• Trace fur origins. Shearling and hair-on hides must come as a by-product of meat production. Never from angora farms where animals are raised solely for fur.
  • Research brands and tanneries. Look into sourcing policies and sustainability practices before purchasing cowhide products.

With care and research, cowhides can be an ethical, eco-friendly design choice.

DIY Cowhide Projects

Looking to work with cowhide yourself? Here are some DIY project ideas to try:

Mounted Display

  • Stretch and mount a raw cowhide on a wood frame to create an eye-catching wall hanging.
  • Choose a simple, unstained frame design to keep the hide as the focal point.
  • Decide whether to display hair-side out or the suede underside based on your decor.

Pillow Covers

  • Cut tanned or shearling cowhide into squares or rectangles to make pillow covers.
  • Finish the cut edges carefully for a clean look. Use leather edging or rolled seams.
  • Attach a sturdy envelope-style backing to the hide pieces to complete the pillows.


  • Sew several cowhide pieces together to create a patchwork rug larger than any single hide.
  • Arrange and orient the pieces deliberately for the desired pattern and texture.
  • Stitch the hides together securely. Fringe or bind the outer edges for a finished look.

Ottoman or Stool

  • Use rigid upholstery foam and plywood to construct a stool or ottoman frame.
  • Stretch and staple cowhide over the frame, smoothing wrinkles as you work.
  • Fold edges under and secure to create a tailored finish.

With some carpentry skills and textile experience, it’s possible to create your own cowhide furniture or decor.

Design Inspiration

Need a little inspiration for working cowhide into your home? Here are some eye-catching examples of cowhide used in interior design:

White and grey living room with cowhide rug

A natural raw cowhide adds rustic contrast to sleek furnishings in this living room. The multi-toned hide prevents the space from feeling overly matched.

Dining chairs upholstered in white shearling cowhide

These cozy shearling dining chairs provide a fun twist on traditional upholstery. The cowhide softens the formal dining space.

Bedroom with cowhide bench and pillows

Repeating cowhide on the bench and throw pillows pulls this bedroom together. The hides add natural texture without overpowering the light, airy feel.

Black and white cow print rug

The iconic black and white cow pattern makes a bold statement as a living room rug. It still feels fresh and modern.

Get inspired by these stylish examples of cowhide adding the perfect final touch. Let your creativity run wild!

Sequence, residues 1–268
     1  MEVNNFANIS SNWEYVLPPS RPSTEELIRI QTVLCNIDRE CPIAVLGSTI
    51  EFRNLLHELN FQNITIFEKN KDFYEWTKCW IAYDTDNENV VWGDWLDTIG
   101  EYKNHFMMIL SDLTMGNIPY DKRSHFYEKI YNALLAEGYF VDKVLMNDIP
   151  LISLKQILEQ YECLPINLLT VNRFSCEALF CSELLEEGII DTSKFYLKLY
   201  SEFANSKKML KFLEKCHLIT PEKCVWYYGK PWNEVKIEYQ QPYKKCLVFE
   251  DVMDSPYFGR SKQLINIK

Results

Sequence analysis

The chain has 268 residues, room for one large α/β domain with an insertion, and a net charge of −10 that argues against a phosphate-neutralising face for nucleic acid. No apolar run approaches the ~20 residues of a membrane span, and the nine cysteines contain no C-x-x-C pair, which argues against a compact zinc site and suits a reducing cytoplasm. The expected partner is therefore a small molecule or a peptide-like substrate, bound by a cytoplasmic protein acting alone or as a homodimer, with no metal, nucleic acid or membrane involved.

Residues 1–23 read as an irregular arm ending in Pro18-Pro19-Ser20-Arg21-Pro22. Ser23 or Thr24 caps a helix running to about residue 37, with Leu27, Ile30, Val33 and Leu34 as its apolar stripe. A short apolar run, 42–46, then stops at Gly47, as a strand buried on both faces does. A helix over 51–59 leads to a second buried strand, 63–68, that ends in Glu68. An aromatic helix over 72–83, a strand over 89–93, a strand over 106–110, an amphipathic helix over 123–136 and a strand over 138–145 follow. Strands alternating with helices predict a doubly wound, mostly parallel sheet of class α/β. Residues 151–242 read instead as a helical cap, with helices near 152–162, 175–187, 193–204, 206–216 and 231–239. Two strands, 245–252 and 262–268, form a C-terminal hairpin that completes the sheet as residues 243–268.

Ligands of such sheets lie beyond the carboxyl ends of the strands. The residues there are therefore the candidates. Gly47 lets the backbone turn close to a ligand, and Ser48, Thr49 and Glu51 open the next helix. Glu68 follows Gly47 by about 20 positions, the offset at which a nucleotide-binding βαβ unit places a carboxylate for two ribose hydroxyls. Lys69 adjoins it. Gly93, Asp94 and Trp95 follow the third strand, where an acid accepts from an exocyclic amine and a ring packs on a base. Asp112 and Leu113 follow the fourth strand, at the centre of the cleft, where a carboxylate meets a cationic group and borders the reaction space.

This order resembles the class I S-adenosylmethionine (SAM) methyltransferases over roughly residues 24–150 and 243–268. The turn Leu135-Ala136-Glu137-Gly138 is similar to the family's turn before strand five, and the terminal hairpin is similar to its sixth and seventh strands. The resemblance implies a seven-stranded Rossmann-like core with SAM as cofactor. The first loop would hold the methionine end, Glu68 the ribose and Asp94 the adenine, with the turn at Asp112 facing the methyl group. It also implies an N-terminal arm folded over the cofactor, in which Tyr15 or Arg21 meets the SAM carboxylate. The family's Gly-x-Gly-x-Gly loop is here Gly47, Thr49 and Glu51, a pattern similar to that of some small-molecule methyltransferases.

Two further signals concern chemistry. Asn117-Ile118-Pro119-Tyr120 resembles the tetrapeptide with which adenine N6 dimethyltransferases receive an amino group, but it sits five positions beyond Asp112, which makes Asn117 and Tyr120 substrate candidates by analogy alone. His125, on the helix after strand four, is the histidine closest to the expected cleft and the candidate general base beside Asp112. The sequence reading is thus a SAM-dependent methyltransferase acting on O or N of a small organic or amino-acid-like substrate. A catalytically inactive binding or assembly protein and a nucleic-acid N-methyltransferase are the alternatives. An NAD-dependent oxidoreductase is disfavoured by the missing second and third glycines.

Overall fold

What are the differences between cowhide, leather, and suede?

  • Cowhide is the entire raw, untanned skin from cattle with the hair or fur intact.
  • Leather is processed cowhide with the hair removed and the skin tanned for durability.
  • Suede is leather that’s been brushed or treated for a soft napped finish on the underside.

How much does cowhide cost?

  • Cost varies based on size, quality, and type. Expect to pay:
  • $100-$300 for a raw hide 6 x 8 feet
  • $50-$150 for a tanned hide
  • $250+ for a shearling hide
  • Larger oversized hides and custom products cost more. Sale or discount hides can be under $100.

Should I get real or faux cowhide?

  • Real cowhide offers unbeatable durability, unique natural variations, and authentic texture that artificial materials lack.
  • Faux is lower maintenance and more budget-friendly. It can be a vegan alternative if you avoid animal products.
  • Consider placement and usage when deciding. Real hide works best in high-traffic spots.

How do I clean and care for cowhide?

  • Vacuum gently using low suction on hairy sides. Spot clean spills right away.
  • Sanitize leather by rubbing it down with a diluted vinegar solution.
  • Use leather conditioner to moisturize hides 2-3 times per year. Avoid applying oils like mink oil.
  • Rotate rugs every 3-6 months to spread out wear. Brush nap on shearling occasionally.

Is cowhide ethical?

  • Cowhide can be an ethical choice if sourced properly as a by-product of the food industry rather than unethically mass-produced solely for hides.
  • Look for “by-product” hides as well as responsible certification labels. Research brands for ethical practices.


With limitless design potential, cowhide offers the perfect raw, rugged, yet sophisticated touch to any space. Use cowhide’s beauty and versatility to enhance your interior while honoring its origins. Allow each unique hide to inspire new creative possibilities for your home.

Whether quaint cottage charm or big city edge, cowhide delivers on quality, aesthetics, and meaning, time after time. With proper selection and care, a cowhide rug or décor piece will provide enduring style and comfort for years to come.